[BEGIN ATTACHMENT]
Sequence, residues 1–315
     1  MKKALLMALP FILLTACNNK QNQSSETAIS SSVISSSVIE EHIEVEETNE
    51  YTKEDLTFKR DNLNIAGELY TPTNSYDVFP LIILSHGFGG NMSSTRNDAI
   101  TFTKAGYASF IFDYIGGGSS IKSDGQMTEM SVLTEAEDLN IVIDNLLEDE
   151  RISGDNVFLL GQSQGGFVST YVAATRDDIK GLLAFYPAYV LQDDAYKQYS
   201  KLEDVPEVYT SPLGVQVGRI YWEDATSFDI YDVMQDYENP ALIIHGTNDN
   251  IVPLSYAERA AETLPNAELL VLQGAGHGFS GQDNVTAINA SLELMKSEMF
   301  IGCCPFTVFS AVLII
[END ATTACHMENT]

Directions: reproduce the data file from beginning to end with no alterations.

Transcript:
Sequence, residues 1–315
     1  MKKALLMALP FILLTACNNK QNQSSETAIS SSVISSSVIE EHIEVEETNE
    51  YTKEDLTFKR DNLNIAGELY TPTNSYDVFP LIILSHGFGG NMSSTRNDAI
   101  TFTKAGYASF IFDYIGGGSS IKSDGQMTEM SVLTEAEDLN IVIDNLLEDE
   151  RISGDNVFLL GQSQGGFVST YVAATRDDIK GLLAFYPAYV LQDDAYKQYS
   201  KLEDVPEVYT SPLGVQVGRI YWEDATSFDI YDVMQDYENP ALIIHGTNDN
   251  IVPLSYAERA AETLPNAELL VLQGAGHGFS GQDNVTAINA SLELMKSEMF
   301  IGCCPFTVFS AVLII